|Vintage Pulp||Mar 13 2017|
Though it looks like another entry in the much beloved psychoanalysis sleaze genre, Nigel Balchin's 1945 novel Mine Own Executioner is actually serious literature dealing with the treatment of a traumatized World War II vet who has symptoms of what today we call PTSD. The book was made into a well reviewed 1947 movie of the same title starring Burgess Meredith as the therapist. Based on our summary, you could be forgiven for assuming the war vet in question is not a twenty-something hottie, and you'd be right. And you might subsequently assume that the cover is misleading, but you'd be wrong. The therapist does take on an important female patient—his wife's beautiful friend Barbara, which of course presents all sort of problems. And she does in fact have sexual issues that need working out. The Penguin Signet edition of the book you see here appeared after the movie, in 1948, and the art is by unknown. You can see our collection of psychoalanysis sleaze covers here, and see some fun individual entries here, here, and here.
|Vintage Pulp||Jan 12 2010|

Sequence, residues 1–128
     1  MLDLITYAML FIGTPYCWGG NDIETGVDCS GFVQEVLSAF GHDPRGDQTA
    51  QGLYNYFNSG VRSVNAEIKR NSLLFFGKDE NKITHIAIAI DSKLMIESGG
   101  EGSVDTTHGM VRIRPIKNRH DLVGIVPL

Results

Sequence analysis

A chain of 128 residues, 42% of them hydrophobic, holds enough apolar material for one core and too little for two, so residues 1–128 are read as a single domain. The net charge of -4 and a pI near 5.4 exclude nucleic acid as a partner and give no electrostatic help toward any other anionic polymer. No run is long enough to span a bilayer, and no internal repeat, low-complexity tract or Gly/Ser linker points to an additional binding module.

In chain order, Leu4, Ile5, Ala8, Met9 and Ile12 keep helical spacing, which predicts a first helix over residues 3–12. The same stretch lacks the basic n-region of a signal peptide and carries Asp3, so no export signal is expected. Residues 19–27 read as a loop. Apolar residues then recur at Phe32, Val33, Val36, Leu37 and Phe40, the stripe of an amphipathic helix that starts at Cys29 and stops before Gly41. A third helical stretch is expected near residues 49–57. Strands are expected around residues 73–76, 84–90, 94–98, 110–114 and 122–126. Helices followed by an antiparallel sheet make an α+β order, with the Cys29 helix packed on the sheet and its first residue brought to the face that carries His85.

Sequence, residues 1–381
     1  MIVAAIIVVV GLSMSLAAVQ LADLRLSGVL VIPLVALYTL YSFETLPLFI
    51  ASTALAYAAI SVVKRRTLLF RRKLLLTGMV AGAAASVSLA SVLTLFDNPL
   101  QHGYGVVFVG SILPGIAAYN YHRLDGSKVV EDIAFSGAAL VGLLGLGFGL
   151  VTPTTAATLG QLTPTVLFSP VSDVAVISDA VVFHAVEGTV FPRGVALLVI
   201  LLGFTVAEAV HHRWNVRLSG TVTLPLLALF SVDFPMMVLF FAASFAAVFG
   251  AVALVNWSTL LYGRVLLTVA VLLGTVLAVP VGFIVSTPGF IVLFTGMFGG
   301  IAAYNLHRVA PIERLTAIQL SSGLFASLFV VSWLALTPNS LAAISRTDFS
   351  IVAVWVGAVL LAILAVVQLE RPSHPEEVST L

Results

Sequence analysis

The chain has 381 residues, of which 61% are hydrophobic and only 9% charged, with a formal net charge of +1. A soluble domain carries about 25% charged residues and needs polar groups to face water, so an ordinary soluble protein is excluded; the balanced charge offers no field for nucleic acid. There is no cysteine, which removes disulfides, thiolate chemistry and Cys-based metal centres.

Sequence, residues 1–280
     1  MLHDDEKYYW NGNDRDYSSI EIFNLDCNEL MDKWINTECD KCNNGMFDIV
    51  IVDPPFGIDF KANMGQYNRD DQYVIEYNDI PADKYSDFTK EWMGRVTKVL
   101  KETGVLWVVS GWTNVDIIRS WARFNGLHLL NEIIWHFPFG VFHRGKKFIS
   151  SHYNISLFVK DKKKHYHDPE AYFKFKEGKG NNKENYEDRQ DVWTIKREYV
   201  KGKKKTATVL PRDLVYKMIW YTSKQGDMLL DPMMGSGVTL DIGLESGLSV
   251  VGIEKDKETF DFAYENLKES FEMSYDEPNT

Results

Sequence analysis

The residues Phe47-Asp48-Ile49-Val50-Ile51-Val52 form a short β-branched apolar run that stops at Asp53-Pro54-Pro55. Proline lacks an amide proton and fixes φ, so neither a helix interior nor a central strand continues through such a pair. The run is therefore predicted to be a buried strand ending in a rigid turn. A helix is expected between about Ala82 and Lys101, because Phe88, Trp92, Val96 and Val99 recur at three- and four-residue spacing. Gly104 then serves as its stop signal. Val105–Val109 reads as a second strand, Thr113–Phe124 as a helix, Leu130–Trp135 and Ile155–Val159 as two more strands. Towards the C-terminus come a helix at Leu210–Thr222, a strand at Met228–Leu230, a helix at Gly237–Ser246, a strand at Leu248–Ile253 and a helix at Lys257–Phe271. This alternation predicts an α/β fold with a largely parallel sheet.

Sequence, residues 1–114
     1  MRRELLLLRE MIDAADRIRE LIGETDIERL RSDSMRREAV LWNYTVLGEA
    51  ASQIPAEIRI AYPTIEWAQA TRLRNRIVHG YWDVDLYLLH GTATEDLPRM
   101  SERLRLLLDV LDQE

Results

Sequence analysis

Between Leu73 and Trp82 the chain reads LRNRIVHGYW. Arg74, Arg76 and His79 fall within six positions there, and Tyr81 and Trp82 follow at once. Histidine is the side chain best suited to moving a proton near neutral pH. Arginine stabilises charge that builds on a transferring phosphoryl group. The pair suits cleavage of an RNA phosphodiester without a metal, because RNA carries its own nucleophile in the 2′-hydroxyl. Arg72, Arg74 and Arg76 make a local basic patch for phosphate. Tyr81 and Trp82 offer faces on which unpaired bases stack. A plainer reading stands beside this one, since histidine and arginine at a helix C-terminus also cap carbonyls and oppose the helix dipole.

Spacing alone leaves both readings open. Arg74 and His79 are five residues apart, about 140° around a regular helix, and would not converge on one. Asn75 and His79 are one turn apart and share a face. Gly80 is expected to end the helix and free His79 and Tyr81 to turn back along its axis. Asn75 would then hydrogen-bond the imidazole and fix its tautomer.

Is the original Batman movie cheesy? Well, let's just say that’s like calling a truffle mildly flavorful. In one scene Batman needs to dispose of a smoking bomb. He runs along a wharf, but no matter which way he speeds with this thing he cannot unload it. Everywhere, innocent people are obliviously threatening to become collateral damage. Nuns stroll, lovers neck, marching bands play, women walk with babies. The Caped Crusader is blocked on all sides as he runs every which way like mad, and the scene just goes on and on. Thwarted at last by a school of ducks, he sighs and says to himself—but also to his audience—“Some days you just can’t get rid of a bomb.” More than any other, that line sums up Batman. Plot? Sure, there’s a plot. Joker, Penguin, Catwoman, and Riddler join forces to rid Gotham of the Dynamic Duo. Cast? Absolutely. You’ve got Lee Meriwether, Burgess Meredith, Frank Gorshin, Cesar Romero, and the immortal Adam West as Batman. But don’t worry about that stuff—just watch the film. Its cynicism-free humor is almost unrecognizable as such in our modern, jaded age, but even so, it will knock you out of your chair laughing at least once. We guarantee it. And if it doesn’t? Well then, you’re a soulless zombie. Batman was released in the U.S. today in 1966.